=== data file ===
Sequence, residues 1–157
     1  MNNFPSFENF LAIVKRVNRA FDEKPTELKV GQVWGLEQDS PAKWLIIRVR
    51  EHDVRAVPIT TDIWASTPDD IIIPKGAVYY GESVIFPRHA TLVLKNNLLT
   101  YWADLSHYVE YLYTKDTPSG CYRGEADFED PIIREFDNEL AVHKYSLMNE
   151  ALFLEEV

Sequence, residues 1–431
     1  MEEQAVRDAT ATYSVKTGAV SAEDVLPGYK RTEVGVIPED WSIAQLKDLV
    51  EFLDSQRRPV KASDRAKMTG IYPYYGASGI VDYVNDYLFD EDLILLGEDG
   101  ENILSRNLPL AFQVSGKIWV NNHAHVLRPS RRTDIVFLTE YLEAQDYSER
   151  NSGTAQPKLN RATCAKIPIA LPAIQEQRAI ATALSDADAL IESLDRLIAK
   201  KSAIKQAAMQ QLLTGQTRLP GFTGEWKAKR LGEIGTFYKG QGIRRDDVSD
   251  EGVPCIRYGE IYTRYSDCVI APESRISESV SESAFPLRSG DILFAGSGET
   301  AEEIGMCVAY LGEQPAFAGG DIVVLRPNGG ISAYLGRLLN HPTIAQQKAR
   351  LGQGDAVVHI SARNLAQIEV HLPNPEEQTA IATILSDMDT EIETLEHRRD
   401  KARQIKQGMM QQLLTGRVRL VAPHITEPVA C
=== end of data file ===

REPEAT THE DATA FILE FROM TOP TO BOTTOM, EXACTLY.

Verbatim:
Sequence, residues 1–157
     1  MNNFPSFENF LAIVKRVNRA FDEKPTELKV GQVWGLEQDS PAKWLIIRVR
    51  EHDVRAVPIT TDIWASTPDD IIIPKGAVYY GESVIFPRHA TLVLKNNLLT
   101  YWADLSHYVE YLYTKDTPSG CYRGEADFED PIIREFDNEL AVHKYSLMNE
   151  ALFLEEV

Sequence, residues 1–431
     1  MEEQAVRDAT ATYSVKTGAV SAEDVLPGYK RTEVGVIPED WSIAQLKDLV
    51  EFLDSQRRPV KASDRAKMTG IYPYYGASGI VDYVNDYLFD EDLILLGEDG
   101  ENILSRNLPL AFQVSGKIWV NNHAHVLRPS RRTDIVFLTE YLEAQDYSER
   151  NSGTAQPKLN RATCAKIPIA LPAIQEQRAI ATALSDADAL IESLDRLIAK
   201  KSAIKQAAMQ QLLTGQTRLP GFTGEWKAKR LGEIGTFYKG QGIRRDDVSD
   251  EGVPCIRYGE IYTRYSDCVI APESRISESV SESAFPLRSG DILFAGSGET
   301  AEEIGMCVAY LGEQPAFAGG DIVVLRPNGG ISAYLGRLLN HPTIAQQKAR
   351  LGQGDAVVHI SARNLAQIEV HLPNPEEQTA IATILSDMDT EIETLEHRRD
   401  KARQIKQGMM QQLLTGRVRL VAPHITEPVA C